by Dante Zappala
On a blistering summer afternoon in New York City, the Triborough Bridge casts a welcome shadow of relief over a small strip of Randall’s Island. The reprieve was felt by all of us who lingered in that shade for a good while, just outside of Ichan Stadium.
The Adidas Grand Prix had just wrapped up. I have the great enjoyment of training with a few professional runners who were competing in this Diamond League series meet. We all lingered under the bridge, absorbing the breeze, taking our time doing nothing.
Ajee’ Wilson, who lives and trains in Northwest Philadelphia, had won the women’s 800 meter. This didn’t come as a great surprise. She’s ranked second in the world. At 21 years of age, she’s the future of America’s middle distance running. She has a great shot at a medal, quite possibly gold, in the World Championships this year and in the Olympics next year.
Still, the media that does follow track and field hasn’t focused much on Ajee’. Another young protégé, Mary Cain, has garnered most of the headlines over the last few years. She bettered most of the national high school records and turned professional last year at the age of 18 while still a senior. While Ajee’ quietly established herself as one of the world’s best, Cain and her potential had become the face of the future.
Last year, Cain, a native of New York, headed West to train with Alberto Salazar. A top marathoner in the early 80’s, Salazar was an aggressive runner and relentless competitor. That’s carried over to his coaching style, where he has built a powerhouse program called the Nike Oregon Project.
But Mary Cain hasn’t improved under Salazar. In fact, she regressed this year, recently running the 1500 meters 10 seconds slower than her best time from a year ago. Perhaps feeling mentally and physical exhausted, she came back East to live with her parents.
And it was there under the bridge where we encountered Mary Cain, who had made the short trip from West Chester to compete in a lower key event, the off-broadcast 1000 meter.
She and Ajee’ came up together through the junior ranks. While they chatted, I struck up a conversation with Mary Cain’s mother, also named Mary. I watched her as she watched her daughter, who was laughing, relaxed, looking everything like a regular person on the verge of adulthood.
The look on the elder Cain’s face was unmistakably one of utter relief. We talked about the struggles her daughter had transitioning as a professional athlete, particularly the weight of expectations that were heaped on her. At one point, she welled up with emotion and said something incredibly simple and precious:“It’s wonderful to see her this way again. I’m happy she is home.”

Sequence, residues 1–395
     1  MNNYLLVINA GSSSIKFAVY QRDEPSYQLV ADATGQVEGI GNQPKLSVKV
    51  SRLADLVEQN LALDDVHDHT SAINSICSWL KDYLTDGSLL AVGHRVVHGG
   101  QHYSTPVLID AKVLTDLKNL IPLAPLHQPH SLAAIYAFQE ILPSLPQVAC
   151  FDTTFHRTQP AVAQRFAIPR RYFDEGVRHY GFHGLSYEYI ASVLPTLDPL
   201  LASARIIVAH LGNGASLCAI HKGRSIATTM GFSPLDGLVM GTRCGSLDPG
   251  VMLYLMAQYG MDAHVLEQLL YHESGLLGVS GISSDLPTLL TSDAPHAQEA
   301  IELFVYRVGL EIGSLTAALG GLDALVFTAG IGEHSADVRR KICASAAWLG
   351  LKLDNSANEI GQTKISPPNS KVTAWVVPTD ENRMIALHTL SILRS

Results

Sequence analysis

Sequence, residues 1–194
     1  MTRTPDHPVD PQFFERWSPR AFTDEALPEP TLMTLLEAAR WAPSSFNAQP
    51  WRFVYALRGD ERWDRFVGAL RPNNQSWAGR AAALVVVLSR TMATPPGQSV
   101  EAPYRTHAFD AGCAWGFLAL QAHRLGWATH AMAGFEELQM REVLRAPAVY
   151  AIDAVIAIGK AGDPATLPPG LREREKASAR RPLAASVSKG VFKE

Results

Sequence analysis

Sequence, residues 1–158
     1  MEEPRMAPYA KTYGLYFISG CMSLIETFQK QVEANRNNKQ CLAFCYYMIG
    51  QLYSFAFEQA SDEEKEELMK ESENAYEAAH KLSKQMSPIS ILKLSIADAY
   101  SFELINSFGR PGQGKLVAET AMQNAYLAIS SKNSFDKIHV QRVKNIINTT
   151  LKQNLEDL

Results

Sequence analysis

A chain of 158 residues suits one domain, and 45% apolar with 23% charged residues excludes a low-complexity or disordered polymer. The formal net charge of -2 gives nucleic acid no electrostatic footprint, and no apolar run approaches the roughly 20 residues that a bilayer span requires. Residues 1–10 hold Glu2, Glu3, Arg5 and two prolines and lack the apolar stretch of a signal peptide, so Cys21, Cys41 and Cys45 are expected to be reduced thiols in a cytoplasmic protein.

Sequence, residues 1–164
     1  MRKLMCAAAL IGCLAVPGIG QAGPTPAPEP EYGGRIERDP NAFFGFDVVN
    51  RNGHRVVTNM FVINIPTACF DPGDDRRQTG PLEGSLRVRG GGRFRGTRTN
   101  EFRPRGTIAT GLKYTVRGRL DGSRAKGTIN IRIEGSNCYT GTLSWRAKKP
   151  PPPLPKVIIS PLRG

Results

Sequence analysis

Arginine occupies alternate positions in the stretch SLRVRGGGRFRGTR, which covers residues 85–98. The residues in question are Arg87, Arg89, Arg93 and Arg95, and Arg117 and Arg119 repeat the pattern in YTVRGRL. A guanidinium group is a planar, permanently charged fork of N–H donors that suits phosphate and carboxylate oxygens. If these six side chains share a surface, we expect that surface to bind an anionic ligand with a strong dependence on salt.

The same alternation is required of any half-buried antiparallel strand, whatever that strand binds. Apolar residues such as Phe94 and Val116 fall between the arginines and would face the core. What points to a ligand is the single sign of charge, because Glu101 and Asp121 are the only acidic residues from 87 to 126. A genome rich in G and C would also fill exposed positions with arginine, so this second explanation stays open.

I am nine years into the parenting game. I still feel like a rookie on many days. There is the immediate struggle of correcting certain behaviors while supporting and encouraging others. I have an idea of the type of adults I want my kids to be. But they are determining much of their own futures by who they naturally are. Supporting this precarious structure like the pommel of a sword is the overriding desire to see them be happy.
At times, this counterweight becomes too heavy. It is all too easy to coddle them for fear of failing, or getting physically or emotionally hurt. Yet there are obvious times where a push is better than a pull if long term happiness is the goal.
In the current landscape of youth performance – be it athletics, academics, music, or their ability to charm – children are often pushed. Parents will rarely admit it, but deep down, they hold out hope that they might become “the one.”
Yet here was a mother whose daughter had achieved what so many kids strive to achieve and none of that really mattered. What mattered was the authenticity of her daughter’s smile.
We’re hard pressed to accept ordinary these days. It’s an outgrowth; a natural evolution that stems from our economy. We went from manufacturing to service; from making things to buying things. Now, in essence, our economy revolves around the entitlement of being consumers. Many of the most successful companies have captured that sense of privilege. Yelp has a $3.4 billion market cap, after all.
Being talented and successful at a young age sharpens the blade of the sword. Thus, it raises the stakes of how precisely we weight that pommel. It’s a difficult craft but it was assuring to meet a parent like Mary who showed her mastery of it in a rapidly changing landscape.
In the days before I made it to the shade of the bridge, before I’d spent the afternoon trackside in the hot sun, I’d been to the shore with my kids for a quick getaway. I’ve been watching them more furtively these days. My oldest is developing the ability to deflect emotion. He can wield cynicism and sarcasm as a defense or an attack now. He’s quickly morphed into a 3-D jigsaw puzzle. I’m constantly studying.
On the last night in Wildwood, he was by himself on “Moby Dick,” a ride that spins you in circles while you’re seated. As it tossed him around, I saw what I used to know very well but I assume will become even more rare as time passes – a look of unabated joy.
It made me smile.